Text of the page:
I still feel that way. Perhaps it is because of the impact of my first visit to Arlington National Cemetery in Washington, DC. I was there in February of my senior year in high school, and there was snow on the ground. When it’s cold like that, they change the guard at the Tomb of the Unknown Soldier every half hour, but what gave me chills was not the weather. It was the image of one member of the 3rd U.S. Infantry Regiment, assigned to stand guard while I watched in reverent silence. I can still picture the face of that stoic soldier whose every step reverberated through the grounds. He did not vary his 21-step cadence as he marched in the morning chill, the physical effect of which could be plainly seen streaming from his nose, across his chin, and onto the front of his otherwise impeccable uniform. And yet he did not sniff nor flinch nor waver. I was awestruck (still am!) by the respect and honor he showed on our behalf as we gathered in grateful tribute to the nameless soldiers represented there.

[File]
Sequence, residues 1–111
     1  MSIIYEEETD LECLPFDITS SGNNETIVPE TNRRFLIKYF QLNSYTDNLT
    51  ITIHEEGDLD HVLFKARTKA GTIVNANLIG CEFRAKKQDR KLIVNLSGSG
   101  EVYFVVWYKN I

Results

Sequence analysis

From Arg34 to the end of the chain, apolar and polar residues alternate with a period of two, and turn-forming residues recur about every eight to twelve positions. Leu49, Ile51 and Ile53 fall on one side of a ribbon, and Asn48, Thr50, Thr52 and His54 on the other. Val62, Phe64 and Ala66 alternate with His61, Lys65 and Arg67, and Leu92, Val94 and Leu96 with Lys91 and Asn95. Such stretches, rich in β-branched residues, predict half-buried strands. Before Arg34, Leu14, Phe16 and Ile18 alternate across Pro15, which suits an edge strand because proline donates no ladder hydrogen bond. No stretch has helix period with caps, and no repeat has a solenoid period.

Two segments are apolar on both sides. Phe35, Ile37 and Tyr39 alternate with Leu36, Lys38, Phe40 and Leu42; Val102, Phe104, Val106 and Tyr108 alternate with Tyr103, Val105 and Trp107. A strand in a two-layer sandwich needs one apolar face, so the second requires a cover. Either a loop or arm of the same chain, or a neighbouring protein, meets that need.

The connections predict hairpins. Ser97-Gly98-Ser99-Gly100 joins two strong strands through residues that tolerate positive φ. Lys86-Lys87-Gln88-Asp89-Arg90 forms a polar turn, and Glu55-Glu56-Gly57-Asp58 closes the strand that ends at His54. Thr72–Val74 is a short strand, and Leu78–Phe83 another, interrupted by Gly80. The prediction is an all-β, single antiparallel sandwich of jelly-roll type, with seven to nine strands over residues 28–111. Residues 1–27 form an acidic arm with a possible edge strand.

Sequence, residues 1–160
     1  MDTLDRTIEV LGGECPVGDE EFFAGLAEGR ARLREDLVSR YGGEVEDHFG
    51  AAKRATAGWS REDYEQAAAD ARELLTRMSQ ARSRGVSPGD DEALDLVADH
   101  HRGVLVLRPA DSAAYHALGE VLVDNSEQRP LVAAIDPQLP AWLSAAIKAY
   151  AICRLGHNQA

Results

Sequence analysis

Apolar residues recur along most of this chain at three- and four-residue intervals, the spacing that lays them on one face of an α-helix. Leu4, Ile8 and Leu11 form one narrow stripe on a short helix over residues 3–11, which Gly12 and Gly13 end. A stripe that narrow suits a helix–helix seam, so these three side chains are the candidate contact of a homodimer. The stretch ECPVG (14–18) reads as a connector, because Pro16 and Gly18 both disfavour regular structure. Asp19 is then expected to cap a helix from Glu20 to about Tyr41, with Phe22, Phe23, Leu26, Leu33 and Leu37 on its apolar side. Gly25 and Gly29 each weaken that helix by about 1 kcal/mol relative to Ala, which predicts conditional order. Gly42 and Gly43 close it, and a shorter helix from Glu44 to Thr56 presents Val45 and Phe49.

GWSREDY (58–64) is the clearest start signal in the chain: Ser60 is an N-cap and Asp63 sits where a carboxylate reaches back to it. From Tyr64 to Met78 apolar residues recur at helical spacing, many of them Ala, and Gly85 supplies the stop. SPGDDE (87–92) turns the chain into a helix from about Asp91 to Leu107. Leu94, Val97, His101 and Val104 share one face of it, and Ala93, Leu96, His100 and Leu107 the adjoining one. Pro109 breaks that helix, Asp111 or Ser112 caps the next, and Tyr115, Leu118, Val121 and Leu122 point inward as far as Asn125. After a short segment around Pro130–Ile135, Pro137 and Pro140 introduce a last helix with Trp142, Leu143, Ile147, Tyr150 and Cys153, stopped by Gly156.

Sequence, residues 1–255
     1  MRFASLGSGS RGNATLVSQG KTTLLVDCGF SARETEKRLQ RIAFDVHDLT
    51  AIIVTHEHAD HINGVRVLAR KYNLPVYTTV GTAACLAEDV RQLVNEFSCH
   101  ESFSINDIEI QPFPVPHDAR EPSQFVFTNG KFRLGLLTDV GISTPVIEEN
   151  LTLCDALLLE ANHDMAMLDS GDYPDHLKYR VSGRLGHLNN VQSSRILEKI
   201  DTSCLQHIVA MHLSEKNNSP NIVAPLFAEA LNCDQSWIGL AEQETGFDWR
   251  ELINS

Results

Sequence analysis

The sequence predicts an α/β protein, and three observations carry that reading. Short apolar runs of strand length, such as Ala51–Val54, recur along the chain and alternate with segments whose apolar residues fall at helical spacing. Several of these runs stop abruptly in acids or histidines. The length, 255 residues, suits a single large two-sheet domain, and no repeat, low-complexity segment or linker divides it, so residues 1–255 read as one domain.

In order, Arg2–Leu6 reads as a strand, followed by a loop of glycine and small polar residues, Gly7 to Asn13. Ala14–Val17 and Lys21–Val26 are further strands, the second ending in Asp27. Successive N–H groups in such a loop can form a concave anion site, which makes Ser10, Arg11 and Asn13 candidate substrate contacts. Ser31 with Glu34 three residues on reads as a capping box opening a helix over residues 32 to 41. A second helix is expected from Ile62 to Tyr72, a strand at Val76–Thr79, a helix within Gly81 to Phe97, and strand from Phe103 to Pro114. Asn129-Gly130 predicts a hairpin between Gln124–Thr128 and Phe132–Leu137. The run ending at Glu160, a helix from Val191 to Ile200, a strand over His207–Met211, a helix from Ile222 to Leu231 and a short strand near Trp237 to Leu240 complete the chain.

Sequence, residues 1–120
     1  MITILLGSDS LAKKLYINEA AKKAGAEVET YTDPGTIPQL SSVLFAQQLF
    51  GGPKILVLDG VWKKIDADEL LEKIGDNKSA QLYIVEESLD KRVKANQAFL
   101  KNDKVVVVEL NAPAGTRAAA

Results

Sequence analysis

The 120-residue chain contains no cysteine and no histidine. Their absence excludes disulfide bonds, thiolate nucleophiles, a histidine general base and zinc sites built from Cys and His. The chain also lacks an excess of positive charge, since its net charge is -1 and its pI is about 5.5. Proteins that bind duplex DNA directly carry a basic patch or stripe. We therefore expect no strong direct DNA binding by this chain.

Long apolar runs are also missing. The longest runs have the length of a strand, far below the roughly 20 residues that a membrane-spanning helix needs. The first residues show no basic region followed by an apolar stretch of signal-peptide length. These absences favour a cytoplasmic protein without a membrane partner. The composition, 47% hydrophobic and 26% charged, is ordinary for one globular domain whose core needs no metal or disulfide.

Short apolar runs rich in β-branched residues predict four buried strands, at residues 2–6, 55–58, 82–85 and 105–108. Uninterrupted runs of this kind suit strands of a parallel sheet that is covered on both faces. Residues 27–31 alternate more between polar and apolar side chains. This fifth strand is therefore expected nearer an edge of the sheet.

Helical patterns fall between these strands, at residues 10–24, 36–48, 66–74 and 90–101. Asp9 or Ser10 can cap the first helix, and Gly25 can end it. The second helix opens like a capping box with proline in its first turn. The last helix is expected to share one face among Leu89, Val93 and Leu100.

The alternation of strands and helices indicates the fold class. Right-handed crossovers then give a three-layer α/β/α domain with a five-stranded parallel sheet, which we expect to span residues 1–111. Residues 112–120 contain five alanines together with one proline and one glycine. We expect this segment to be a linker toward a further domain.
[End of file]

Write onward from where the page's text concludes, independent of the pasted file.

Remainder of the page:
How many thousands more like them have given what Lincoln called “the last full measure of devotion”? And how many others have similarly sworn to “support and defend the Constitution of the United States against all enemies, foreign and domestic,” an obligation they have taken “freely, without any mental reservation or purpose of evasion”? It’s a remarkable choice given the possible consequences. I have a nephew, a newly commissioned West Point grad, who just a few weeks ago took that very oath. I watched the scene play out via video. And I wept.